And finally, in a different window we’ll call logstash with that file as the config file:

/usr/local/logstash/logstash-1.4.0/bin/logstash -f /usr/local/stashbox.conf

Having each of these open in different Terminal windows allows you to see logs in stdout. Next, point a host at your new syslog box. You can use for installing Windows clients or for  a Mac. Once done, let’s get Kibana working. To do so, first edit the config.js.

vi /usr/local/kibana/kibana-3.0.0/config.js

Locate the elastic search setting and put the name of the host running logstash in there (yes, it can be the same as the actual logstash box as long as you install a web server on the logstash box). Then save the changes.

Now move the contents of that kibana-3.0.0 folder into your web directory. Let’s say this is a basic OS X Server, that would be:

cp -R /usr/local/kibana/kibana-3.0.0/* /Library/Server/Web/Data/Sites/Default/

You can then check out your Kibana site at http://localhost or http://localhost/index.html#/dashboard/file/logstash.json for the actual search pages, which is what I’ve bookmarked.

Screen Shot 2014-04-10 at 10.37.51 PM

For example, to see the impact of periodic scripts in System Logs:

Screen Shot 2014-04-12 at 9.07.44 AM


Active Directory Windows Server

Hey Active Directory, Can I Trade Some PowerShell For A Phone List?

According to how you’ve been creating accounts, you might be the best friend of the office manager, who calls looking to see if you can generate a quick phone list. Or you might be useless. Either way, you should know how to obtain the data and therefore possibly how to be helpful to others. Or again, you might be a lost cause. Sorry, had to be said before I take over the entire Tri-State area. Anyway, let’s assume that you want to just grab the office phone number and that you’ve entered that into Active Directory. So let’s pull that and print it to the screen:

Get-AdUser -Filter * -Properties OfficePhone | FT OfficePhone,UserPrincipalName

Now that you can dump a list to the screen, let’s pipe the output to CSV instead, so we can open it in Excel:

Get-AdUser -Filter * -Properties OfficePhone | FT OfficePhone,UserPrincipalName | grep Export-CSV c:\phonelist.csv

Active Directory Windows Server

Create a Forest Trusts In Active Directory

Trusts in Active Directory allow objects from one Domain or Forest to access objects in another Domain or Forest and allows administrators. To setup a trust:

  • Login with a user in the Domain Admins group if you are setting up a Domain trust or Enterprise Admins if you are setting up a Forest trust (if you cannot use an account in one of these groups, you can use an account in the Incoming Forest Trust Builders group)
  • Open Administrative Tools
  • Open Active Directory Domains and Trusts
  • Right-click the name of the domain
  • Click Properties
  • Click on the Trust tab
  • Click New Trust
  • Click Next
  • Click on the Trust Name page
  • Type the DNS or NetBIOS name of the forest you are connecting to
  • Click Next.
  • Click on the Trust Type page
  • Click Forest trust
  • Click Next
  • Click on the Direction of Trust page
  • To create a two-way (transitive) forest trust, click Two-way or if you’d only like to share objects one-way, click One-way
  • If One-way, choose the direction of the trust
  • Click continue to complete the wizard

Once completed, click on the Trust tab to view the trust. Then open a group, go to add a member and click on the Location button. At this screen you should see your domain and then below it another that has an icon with three triangles, similar to the Hyrule logo in Zelda. In fact, a lot of Active Directory is similar to Zelda, such as where do I find that sword, where’s the shield, etc. Just without a princess…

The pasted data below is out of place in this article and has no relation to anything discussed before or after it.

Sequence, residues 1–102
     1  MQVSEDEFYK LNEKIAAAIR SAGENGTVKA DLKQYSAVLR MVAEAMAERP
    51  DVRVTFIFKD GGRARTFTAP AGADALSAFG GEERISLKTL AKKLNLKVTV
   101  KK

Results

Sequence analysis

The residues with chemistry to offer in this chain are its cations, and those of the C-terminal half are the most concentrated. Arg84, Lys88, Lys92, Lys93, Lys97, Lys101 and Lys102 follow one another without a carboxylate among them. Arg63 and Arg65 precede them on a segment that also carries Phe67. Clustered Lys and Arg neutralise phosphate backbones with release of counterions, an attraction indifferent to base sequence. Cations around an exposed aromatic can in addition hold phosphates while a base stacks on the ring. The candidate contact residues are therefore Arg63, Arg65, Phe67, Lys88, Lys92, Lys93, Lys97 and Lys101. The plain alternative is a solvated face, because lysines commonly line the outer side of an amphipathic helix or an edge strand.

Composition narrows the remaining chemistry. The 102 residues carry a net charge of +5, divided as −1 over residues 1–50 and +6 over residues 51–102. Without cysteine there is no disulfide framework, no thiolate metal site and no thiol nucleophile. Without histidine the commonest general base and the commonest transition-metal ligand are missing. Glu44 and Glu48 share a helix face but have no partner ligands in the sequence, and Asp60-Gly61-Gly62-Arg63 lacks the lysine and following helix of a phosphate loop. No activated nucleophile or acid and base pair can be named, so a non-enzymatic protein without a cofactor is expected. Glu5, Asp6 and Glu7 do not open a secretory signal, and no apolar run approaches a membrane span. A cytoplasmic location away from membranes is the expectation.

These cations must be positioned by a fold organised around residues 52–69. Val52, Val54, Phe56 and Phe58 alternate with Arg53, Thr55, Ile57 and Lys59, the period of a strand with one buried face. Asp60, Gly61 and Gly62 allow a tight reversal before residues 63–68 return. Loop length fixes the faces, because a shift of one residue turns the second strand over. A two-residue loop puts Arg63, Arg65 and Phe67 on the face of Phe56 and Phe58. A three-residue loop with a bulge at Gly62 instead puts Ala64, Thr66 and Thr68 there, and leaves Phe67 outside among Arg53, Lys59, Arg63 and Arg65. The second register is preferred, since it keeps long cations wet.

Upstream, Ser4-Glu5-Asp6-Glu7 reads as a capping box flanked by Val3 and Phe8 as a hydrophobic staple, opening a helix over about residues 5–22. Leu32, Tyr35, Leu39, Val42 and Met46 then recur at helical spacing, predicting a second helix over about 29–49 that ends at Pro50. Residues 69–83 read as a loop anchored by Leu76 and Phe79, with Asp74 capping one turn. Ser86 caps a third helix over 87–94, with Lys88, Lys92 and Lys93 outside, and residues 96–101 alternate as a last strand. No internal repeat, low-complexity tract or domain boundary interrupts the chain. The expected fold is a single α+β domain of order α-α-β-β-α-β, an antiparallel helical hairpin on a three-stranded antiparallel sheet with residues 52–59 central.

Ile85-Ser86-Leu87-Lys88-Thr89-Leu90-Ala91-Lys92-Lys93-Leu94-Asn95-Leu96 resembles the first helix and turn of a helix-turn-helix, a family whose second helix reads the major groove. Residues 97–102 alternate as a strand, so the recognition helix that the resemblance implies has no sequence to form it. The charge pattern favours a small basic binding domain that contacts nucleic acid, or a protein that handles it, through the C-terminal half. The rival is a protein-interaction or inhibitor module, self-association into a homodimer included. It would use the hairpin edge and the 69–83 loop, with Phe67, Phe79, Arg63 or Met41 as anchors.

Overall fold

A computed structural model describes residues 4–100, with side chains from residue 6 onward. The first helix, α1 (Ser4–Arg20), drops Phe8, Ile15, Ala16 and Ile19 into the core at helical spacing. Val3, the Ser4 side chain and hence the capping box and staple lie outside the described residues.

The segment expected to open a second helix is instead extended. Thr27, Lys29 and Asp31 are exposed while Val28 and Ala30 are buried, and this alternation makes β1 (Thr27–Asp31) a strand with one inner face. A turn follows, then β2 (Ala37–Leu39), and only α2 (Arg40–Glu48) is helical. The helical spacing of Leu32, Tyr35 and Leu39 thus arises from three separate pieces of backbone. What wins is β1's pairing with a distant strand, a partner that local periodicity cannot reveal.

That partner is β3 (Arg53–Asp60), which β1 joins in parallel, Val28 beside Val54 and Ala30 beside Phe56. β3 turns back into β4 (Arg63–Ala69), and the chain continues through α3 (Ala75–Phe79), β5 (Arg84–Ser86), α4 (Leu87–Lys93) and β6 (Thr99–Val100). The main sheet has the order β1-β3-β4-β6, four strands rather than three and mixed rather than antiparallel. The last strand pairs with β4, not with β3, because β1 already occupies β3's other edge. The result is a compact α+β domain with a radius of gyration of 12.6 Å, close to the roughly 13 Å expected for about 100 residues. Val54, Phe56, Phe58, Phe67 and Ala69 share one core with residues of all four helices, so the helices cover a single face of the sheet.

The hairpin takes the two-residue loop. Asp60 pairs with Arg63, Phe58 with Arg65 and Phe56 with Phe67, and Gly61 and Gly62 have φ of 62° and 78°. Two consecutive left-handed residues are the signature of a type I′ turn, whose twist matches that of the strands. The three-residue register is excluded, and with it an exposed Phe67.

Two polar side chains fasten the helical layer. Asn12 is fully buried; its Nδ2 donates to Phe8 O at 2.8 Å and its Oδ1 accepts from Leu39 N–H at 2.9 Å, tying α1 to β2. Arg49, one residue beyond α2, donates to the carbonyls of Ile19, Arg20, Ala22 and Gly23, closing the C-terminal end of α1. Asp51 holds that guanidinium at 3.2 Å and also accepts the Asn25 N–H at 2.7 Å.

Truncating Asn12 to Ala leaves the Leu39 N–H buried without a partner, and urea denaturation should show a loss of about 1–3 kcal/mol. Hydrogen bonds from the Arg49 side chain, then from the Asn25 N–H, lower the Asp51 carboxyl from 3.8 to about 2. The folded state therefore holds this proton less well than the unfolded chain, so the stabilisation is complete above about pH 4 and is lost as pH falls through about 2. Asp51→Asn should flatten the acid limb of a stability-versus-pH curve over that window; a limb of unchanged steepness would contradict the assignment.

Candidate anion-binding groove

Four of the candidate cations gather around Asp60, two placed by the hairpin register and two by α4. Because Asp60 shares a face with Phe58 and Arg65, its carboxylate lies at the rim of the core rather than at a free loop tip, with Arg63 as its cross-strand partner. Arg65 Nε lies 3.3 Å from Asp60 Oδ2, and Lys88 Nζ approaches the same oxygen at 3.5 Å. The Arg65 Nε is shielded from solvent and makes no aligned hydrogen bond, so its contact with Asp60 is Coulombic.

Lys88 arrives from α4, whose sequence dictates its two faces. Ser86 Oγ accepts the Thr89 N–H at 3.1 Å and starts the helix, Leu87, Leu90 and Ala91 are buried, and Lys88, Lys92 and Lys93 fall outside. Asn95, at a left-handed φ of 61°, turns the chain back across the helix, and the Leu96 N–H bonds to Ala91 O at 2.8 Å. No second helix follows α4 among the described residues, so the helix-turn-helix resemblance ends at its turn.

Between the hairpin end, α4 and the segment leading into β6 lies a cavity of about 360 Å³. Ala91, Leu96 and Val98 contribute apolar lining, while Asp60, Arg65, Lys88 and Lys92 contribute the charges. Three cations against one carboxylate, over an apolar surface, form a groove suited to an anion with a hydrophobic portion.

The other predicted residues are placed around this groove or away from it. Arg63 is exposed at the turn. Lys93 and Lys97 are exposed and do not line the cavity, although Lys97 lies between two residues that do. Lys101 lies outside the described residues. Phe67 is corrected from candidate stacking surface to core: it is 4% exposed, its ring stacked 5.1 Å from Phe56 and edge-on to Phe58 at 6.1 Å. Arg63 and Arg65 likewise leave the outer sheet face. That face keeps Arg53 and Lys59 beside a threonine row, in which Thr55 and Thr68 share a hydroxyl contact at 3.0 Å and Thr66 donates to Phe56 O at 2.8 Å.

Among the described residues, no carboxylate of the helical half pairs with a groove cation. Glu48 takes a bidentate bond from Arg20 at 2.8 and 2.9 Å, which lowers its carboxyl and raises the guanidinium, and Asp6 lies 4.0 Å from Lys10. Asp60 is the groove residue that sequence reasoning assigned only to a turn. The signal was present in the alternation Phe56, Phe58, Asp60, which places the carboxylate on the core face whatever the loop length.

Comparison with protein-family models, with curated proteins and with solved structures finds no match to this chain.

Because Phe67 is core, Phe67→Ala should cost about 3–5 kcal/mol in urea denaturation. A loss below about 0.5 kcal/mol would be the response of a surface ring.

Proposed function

Anyway, you can then limit who can access the trust using the Selective authentication options in the Outgoing Trust Properties page if needed.

Active Directory Mass Deployment Windows Server Windows XP

Change Active Directory Forest Mode With A Script

Changing the Forest Mode in Active Directory can be scripted. I find this useful when regression testing such tasks in a sandbox (e.g. restore image, automate login, change mode, run tests, etc). The script is very simple. First, you’ll import he ActiveDirectory modules:

Import-Module -Name ActiveDirectory

Then you’ll check for the mode prior to running:

Get-ADForest | Format-Table ForestMode

Then you’ll change the forest and domain modes (one per line):

Set-ADForestMode –Identity “” –ForestMode Windows2008Forest
Set-ADDomainMode –Identity “” –DomainMode Windows2008Domain

Then you’ll report the result:

Get-ADForest | Format-Table Name , ForestMode

The end result could be as simple as three lines if just testing:

Import-Module -Name ActiveDirectory
Set-ADForestMode –Identity “” –ForestMode Windows2008Forest
Set-ADDomainMode –Identity “” –DomainMode Windows2008Domain

Active Directory Mass Deployment Microsoft Exchange Server Network Infrastructure Windows Server

Use Active Directory Commandlets On Computers That Aren’t Domain Controllers

By default, the Active Directory Powershell management tools are not installed on Windows Servers. Commandlets are instead installed when the Active Directory Domain Controller role is added. However, you can install them even without installing the role. To do so, open Server Manager and go to Add and Remove Roles and Features. Don’t add any Roles, instead skip to add features. Then open Remote Server Administration Tools and then Role Administration Tools. From there expand on AD DS and AD LDS Tools and then highlight the Active Directory Module for Windows PowerShell.


Once enabled, click Next through the end of the wizard. Once the wizard is complete, open Powershell and use the following command:

import-module ActiveDirectory

Once you’ve imported the Active Directory modules, let’s test it by creating a user with the new-aduser commandlet, as follows (assuming a name of krypted):

new-aduser -name krypted